In an effort to try to prevent importing new cases of the coronavirus, Spain is requiring people arriving from abroad to go into quarantine for two weeks.
The country has started to emerge from a seven-week, strict lockdown after an explosion of cases made it one of the world’s COVID-19 hot spots.
A health ministry order published Tuesday said the quarantine rules will go into effect on Friday and will apply both to visitors from other countries as well as Spanish citizens who are returning home.
People will be allowed only to go grocery shopping or to seek medical care during the 14-day period.
China instituted a similar strategy as it saw its locally transmitted cases sharply decline and authorities began easing lockdown restrictions.
Governments all over the world are currently weighing their strategies and whether it is time to impose new measures to stop the spread of the virus or allow people to resume parts of normal life.
In Singapore, Tuesday brought a new phase in reopening with people allowed to get a haircut, visit bakeries or go to laundromats.
India is resuming some train service Tuesday for the first time since March. Passengers must pass temperature checks and adhere to social distancing guidelines.
South Korean authorities are worried about a resurgence of cases and are working to track down people who recently visited nightclubs in Seoul where a cluster of new infections has emerged.
Officials said Tuesday teams are using phone and credit card data to try to track down about 2,000 more people so they can be tested. So far, there are more than 100 confirmed cases linked to nightclubs.
So-called contact tracing has been a major element as governments try to stop the spread of the coronavirus by finding who may have been close enough to someone who has tested positive. Those people can then be tested themselves, and isolated if necessary.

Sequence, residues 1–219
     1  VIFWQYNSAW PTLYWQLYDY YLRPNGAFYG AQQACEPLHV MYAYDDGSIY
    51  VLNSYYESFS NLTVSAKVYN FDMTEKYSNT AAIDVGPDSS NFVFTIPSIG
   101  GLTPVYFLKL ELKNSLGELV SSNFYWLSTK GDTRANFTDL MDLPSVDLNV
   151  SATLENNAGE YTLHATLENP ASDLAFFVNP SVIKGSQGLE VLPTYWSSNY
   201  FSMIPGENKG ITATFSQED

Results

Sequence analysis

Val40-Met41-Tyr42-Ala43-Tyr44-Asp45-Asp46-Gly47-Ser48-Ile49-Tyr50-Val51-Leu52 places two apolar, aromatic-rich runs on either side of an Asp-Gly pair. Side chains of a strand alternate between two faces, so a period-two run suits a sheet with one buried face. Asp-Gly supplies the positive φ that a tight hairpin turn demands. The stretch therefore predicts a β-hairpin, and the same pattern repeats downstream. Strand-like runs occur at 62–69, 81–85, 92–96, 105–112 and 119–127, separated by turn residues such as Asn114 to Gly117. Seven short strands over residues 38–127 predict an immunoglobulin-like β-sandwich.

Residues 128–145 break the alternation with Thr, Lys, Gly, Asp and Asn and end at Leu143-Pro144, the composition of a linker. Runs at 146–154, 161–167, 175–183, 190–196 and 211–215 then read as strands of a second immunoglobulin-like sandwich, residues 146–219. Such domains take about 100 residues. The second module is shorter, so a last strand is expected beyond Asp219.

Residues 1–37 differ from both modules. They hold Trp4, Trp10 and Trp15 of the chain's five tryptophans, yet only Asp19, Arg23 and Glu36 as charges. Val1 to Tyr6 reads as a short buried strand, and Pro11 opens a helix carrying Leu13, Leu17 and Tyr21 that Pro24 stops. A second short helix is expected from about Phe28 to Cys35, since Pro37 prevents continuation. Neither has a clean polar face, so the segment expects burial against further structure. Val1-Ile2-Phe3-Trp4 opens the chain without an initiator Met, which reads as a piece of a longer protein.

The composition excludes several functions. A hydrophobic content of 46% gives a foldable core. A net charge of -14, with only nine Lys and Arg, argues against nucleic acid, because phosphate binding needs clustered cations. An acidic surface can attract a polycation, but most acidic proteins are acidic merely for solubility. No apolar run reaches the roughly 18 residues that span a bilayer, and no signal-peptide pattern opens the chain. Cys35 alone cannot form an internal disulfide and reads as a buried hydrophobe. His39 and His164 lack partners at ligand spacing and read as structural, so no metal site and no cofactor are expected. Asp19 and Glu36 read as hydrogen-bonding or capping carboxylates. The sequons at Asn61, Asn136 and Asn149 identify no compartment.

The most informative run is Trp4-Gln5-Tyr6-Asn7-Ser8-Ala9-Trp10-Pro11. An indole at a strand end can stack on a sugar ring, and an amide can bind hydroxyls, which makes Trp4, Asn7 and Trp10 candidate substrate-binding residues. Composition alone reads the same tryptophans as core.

Testing is a big focus in the United States, with the Trump administration saying about 9 million people have been tested and that the capacity for more tests is increasing.
A senior administration official told reporters that a new antigen test will speed up the testing process further because it looks only for the presence of the viral protein in the nose, unlike the more complicated and time-consuming nucleic acid tests.
“The machines for these tests — there are already 20,000 of them out in the United States because they’re a commonly used platform for things like flu testing and strep throat,” the official said.
The World Health Organization is advising nations to ensure that the pandemic is under control before reopening. WHO’s Director-General Tedros Adhanom Ghebreyesus said Monday that countries should also have surveillance systems in place to be able to detect and manage any resurgence of cases and ensure that their health systems can cope with a possible resurgence after reopening.
He also said there are about seven or eight of what he called “top” vaccine candidates among the many currently being developed around the world. He said that while several months ago experts expected the process of getting a vaccine ready for public use would take 12 to 18 months, there are efforts to accelerate that process with the support of $8 billion in pledges made last week.
Worldwide, the number of confirmed coronavirus cases is about 4.2 million. The global death tally is more than 286,000, according to Johns Hopkins University statistics.